Anything but Equity - On Banks’ Preference for Hybrid Debt

Project Details

Description

Contingent Convertible Bonds (CoCos) are a tool for banks to partly fulfil Tier 1 capital requirements. While these instruments are a cheaper source of funding than equity, only some banks have them on their balance sheets. I investigate why. I find that the cheapest Tier 1-eligible CoCos, the ones with the lowest loss absorption abilities, are issued by banks that prefer a higher leverage than other banks, potentially exceeding regulatory limits in some scenarios. After the issuance, these banks effectively achieve Tier 1 ratios on par with similar banks but remain to have higher systemic risk levels and more intense earnings management practices than peers. Tier 1-eligible CoCos with better loss absorption abilities are issued by larger banks and G-SIBs when facing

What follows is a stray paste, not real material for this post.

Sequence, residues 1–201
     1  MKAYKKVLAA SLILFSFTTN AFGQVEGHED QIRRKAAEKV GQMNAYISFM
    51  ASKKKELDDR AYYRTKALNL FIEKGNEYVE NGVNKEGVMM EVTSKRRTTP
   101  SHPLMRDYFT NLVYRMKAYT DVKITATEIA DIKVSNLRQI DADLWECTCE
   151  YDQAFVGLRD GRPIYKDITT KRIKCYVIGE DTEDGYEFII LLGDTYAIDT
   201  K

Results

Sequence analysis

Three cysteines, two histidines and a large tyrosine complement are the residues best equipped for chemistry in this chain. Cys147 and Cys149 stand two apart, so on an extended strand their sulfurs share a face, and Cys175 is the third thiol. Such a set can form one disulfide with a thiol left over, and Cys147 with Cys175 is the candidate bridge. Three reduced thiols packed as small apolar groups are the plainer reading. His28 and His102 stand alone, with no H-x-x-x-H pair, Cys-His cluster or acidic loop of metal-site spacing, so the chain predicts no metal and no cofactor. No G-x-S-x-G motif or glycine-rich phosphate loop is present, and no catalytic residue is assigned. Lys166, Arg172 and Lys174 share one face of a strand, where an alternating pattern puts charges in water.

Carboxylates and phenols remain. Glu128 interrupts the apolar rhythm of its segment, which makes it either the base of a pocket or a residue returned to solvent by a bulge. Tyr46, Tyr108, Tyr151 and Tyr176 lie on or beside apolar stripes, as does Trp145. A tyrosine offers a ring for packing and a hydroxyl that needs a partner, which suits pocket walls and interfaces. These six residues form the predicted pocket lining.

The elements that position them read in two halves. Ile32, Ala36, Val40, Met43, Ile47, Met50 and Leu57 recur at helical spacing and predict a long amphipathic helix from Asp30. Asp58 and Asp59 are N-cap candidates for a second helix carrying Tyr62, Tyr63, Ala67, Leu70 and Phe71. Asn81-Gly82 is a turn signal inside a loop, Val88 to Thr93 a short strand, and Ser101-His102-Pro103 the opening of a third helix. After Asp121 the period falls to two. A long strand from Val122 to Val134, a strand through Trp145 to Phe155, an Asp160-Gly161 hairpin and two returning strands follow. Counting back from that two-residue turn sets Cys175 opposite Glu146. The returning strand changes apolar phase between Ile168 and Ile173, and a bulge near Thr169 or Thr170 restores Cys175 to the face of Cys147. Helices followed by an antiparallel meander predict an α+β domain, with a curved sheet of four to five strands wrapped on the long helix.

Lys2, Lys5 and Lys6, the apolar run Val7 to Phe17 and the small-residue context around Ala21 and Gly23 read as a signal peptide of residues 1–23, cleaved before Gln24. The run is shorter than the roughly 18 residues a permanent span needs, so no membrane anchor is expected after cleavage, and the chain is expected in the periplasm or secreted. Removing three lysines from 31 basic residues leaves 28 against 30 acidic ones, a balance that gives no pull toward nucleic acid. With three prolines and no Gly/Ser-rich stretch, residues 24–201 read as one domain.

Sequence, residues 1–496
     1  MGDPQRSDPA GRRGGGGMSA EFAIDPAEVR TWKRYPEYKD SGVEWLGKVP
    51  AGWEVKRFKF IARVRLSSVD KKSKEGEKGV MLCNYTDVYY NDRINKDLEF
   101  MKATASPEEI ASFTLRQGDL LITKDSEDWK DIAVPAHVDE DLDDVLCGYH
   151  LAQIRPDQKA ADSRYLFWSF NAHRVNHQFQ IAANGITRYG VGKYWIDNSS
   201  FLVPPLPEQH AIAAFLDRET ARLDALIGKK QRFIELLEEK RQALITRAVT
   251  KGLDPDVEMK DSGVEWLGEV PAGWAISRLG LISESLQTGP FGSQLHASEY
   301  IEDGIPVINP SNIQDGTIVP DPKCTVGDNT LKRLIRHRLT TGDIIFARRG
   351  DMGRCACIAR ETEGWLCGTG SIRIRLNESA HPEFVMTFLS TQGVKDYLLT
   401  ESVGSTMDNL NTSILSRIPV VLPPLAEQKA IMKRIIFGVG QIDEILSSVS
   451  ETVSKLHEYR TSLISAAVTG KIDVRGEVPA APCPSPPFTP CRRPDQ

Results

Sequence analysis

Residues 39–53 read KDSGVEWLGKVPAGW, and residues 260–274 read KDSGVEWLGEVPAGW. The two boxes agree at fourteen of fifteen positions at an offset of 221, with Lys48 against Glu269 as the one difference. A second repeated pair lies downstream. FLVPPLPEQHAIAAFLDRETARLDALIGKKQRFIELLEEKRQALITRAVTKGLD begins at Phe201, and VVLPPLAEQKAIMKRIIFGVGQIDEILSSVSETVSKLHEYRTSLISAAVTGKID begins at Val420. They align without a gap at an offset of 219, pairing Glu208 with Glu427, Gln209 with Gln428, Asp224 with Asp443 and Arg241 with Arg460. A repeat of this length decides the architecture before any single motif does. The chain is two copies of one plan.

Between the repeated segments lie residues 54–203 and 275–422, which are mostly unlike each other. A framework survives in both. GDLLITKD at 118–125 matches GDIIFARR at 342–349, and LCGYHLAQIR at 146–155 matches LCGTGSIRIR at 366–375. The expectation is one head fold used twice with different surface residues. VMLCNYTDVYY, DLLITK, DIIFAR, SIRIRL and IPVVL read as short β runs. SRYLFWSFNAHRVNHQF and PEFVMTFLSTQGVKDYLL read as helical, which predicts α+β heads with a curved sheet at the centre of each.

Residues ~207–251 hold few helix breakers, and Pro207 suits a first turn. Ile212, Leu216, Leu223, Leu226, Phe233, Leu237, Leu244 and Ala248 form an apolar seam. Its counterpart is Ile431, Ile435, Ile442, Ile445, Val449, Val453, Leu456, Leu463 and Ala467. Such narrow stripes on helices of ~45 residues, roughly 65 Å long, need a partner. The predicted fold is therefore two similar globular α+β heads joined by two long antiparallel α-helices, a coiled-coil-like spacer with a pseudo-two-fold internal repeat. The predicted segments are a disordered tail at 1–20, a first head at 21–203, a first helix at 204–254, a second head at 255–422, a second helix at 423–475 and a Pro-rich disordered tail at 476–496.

a higher fraction of impaired loans on their balance sheet. These banks utilize CoCos to offset risk weights and hedge against potential losses resulting from non-performing loans. The results shed light on banks’ capital structure choices and their implications for regulatory policy and financial stability
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Effective start/end date1/01/22 → …